EP Walkthrough: Annie Bass opens up about her emotionally-driven debut EP, Control
A dreamy collection of emotionally captivating tracks, Control calls on Annie Bass to show a side of her that is lyrically honest and vulnerable.
Header photo by Daisy Clementine.
There’s something powerful behind her music that has a way to captivate listeners and make us feel something. Singer-songwriter and multi-instrumentalist from Melbourne, Annie Bass, sings like she’s pleading through whispers, drawing us in and making us feel like what is being sung is too private for our own ears. Control, out today, is her debut six-track EP and gives an insight into how busy she has been since we last caught up with her. Bass has been producing in collaboration with names such as Kito, John Lee and Matt Colton, travelling from Melbourne to Sydney to Los Angeles and creating heartfelt tracks like In Your Arms, which was released earlier this year and gave us a taste of what the EP will sound like. She’s grown up writing, performing and finessing her talents from such a young age and finds inspiration from the likes of Nina Simone, John Coltrane and James Blake and when you delve into her music, it’s easy to see why. There’s a slight eeriness and melancholic sound that comes from her productions and can be reflective of these artists, making it clear that they’ve inspired her to create such a thought-provoking debut EP.
Annie Bass has done like most artists and has incorporated her own relationships, experiences and situations into making Control, however for a debut, it’s impressive and inspiring. She calls on vulnerable and real moments, which is essentially what makes this album so honest and attractive. “Control was written when I felt alone, and writing music was the only contribution I had to give to myself or anyone else,” she says. “When you’re in that lonely place it doesn’t matter who loves you, or if you love yourself. But I still needed to write and make music. For a long time, it was really the only thing I had.”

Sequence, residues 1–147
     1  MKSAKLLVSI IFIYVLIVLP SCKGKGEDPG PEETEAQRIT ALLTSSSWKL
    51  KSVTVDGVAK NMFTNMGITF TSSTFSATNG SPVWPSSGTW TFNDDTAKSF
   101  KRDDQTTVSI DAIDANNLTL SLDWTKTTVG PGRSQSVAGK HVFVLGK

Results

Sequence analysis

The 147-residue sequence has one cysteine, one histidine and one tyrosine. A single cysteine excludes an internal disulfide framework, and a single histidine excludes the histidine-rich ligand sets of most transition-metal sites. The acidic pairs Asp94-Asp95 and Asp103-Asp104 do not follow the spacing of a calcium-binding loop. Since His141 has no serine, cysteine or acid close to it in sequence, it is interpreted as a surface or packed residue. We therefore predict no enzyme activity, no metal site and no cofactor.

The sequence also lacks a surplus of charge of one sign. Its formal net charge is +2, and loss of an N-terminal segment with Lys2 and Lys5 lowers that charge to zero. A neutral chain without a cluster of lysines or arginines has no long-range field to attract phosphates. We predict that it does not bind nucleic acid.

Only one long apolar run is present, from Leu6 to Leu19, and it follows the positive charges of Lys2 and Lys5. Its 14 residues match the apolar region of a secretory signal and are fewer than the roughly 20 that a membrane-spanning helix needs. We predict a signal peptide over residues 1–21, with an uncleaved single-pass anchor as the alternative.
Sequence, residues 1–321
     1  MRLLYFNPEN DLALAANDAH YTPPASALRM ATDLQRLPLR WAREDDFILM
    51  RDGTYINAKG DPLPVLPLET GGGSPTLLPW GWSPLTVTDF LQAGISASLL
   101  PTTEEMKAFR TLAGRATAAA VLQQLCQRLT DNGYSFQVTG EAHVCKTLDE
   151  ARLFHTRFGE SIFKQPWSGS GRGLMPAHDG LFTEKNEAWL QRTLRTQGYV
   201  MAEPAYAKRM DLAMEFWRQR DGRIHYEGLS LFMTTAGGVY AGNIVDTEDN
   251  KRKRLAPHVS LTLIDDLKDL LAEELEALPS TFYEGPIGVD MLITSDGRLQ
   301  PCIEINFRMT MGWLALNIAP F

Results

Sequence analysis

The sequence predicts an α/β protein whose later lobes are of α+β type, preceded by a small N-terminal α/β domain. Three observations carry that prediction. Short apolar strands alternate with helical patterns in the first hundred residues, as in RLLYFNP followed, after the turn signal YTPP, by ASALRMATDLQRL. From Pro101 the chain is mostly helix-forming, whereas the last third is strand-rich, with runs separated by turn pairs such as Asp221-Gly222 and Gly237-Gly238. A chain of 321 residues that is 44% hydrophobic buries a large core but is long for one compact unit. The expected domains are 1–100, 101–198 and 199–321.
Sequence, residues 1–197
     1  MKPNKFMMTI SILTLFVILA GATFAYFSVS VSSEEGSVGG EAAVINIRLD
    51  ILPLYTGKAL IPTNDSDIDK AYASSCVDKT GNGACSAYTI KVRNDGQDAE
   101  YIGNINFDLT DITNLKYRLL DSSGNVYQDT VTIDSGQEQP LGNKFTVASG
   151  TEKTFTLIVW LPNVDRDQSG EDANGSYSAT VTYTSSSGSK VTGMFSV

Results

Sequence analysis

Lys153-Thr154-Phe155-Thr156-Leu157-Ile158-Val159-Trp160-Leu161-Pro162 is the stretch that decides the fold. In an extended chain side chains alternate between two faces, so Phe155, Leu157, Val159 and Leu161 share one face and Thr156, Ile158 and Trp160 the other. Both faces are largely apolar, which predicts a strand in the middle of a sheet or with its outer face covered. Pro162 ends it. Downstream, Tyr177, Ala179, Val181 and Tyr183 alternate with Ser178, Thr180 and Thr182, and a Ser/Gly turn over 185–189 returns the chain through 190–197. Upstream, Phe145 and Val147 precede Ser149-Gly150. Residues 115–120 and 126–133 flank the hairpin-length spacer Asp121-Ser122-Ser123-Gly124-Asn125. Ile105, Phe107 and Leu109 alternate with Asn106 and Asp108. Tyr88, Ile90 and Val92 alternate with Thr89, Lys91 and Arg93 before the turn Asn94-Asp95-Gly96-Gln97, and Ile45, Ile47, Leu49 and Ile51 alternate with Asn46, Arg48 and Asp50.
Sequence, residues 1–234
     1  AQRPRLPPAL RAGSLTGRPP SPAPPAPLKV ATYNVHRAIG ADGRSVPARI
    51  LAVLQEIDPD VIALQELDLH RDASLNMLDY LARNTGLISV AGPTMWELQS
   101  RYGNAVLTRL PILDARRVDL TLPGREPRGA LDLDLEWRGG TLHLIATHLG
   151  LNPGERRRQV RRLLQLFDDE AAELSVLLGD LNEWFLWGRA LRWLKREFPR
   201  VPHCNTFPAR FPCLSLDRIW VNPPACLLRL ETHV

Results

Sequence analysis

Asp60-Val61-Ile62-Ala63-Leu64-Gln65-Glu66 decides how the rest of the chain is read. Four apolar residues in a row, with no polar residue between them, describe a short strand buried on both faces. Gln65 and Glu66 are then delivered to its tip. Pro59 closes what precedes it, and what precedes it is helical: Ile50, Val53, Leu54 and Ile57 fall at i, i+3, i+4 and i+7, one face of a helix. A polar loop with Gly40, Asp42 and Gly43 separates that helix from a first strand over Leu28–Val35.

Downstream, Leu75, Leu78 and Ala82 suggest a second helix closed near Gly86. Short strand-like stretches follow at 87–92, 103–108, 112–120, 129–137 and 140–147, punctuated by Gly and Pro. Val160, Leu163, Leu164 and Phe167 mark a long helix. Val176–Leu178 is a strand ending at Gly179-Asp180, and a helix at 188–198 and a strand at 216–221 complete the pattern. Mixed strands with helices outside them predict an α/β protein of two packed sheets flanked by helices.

Annie Bass has familiarised herself with many major Aussie festivals like Splendour in the Grass, Groovin The Moo, Falls Festival and Bigsound and is ready to share this new exciting chapter of her music career through Control. Check out what has driven her to create such an open and honest debut EP below.
In Your Arms
When I look back on the last few years, I wonder where I would be without some of the amazing people in my life. I was going through (probably) one of the darkest times of my life. In the weeks before I wrote this song my life was falling apart: my job, my home, my relationships, so I hit the self-destruct button—hard. I was on the phone to my sister (as usual) and I remember being mean to her, I hadn’t been sleeping or eating, and I didn’t care much about anything. In that moment she said to me, “just so you know, you’re not alone”. I wrote the chorus of this song as a promise to her. That night I must have sung it 1000 times.
Dating in the age of social media is a peculiar thing. Again and again, I let insecurities dictate the fate of a new relationship before it really had a chance. And now the whole thing was played out on my Instagram. Why is there an obsession with presenting such a well-curated, and sometimes un-real version of ourselves—and how long can we keep up the charade?
I had been revelling in the first few weeks of a new relationship—like nothing I had even known before. I felt loved and adored for the first time ever. The complicated thing about keeping secrets is they make you lie even when you don’t really want to. I so badly wanted to be honest about my past, but I couldn’t bring myself to verbalise it or say it out loud. I felt like I was stuck: tell the truth and risk losing someone I love, or keep my secrets safe where they couldn’t hurt anyone else.
There were a lot of ‘firsts’ in my first serious relationship: first love, first betrayal, first time I felt trapped. I shared things about myself that I hadn’t shared before and the way they reacted was a nightmare. Was it a healthy relationship? No. But it was the first time I had connected to anyone so intimately. After a trauma in my late teens I was a bit broken, my strength as a woman had been taken away. Slowly I got that feeling back, and I would do (and forgive) just about anything to keep it that way. It’s bizarre what we will sacrifice to avoid being alone.
For much of my life, I felt like I was on the outside. There were times I would do almost anything to fit in—to live life on the other side of the glass. Perhaps it’s just the human condition, to crave acceptance, but I was looking for acceptance in all the wrong places. After years of abuse, it has been my physical self that has suffered most. I didn’t know it at the time but this is an apology I wrote to myself.
This song is half-apology, half pep-talk. I have learnt, and believe that nothing good comes without sacrifice. I move around a lot and my determination to be in the music industry often comes first. For a long time, I put music before everything: relationships, happiness and probably my own well-being. Sometimes it still feels this way, but let’s call it a work in progress.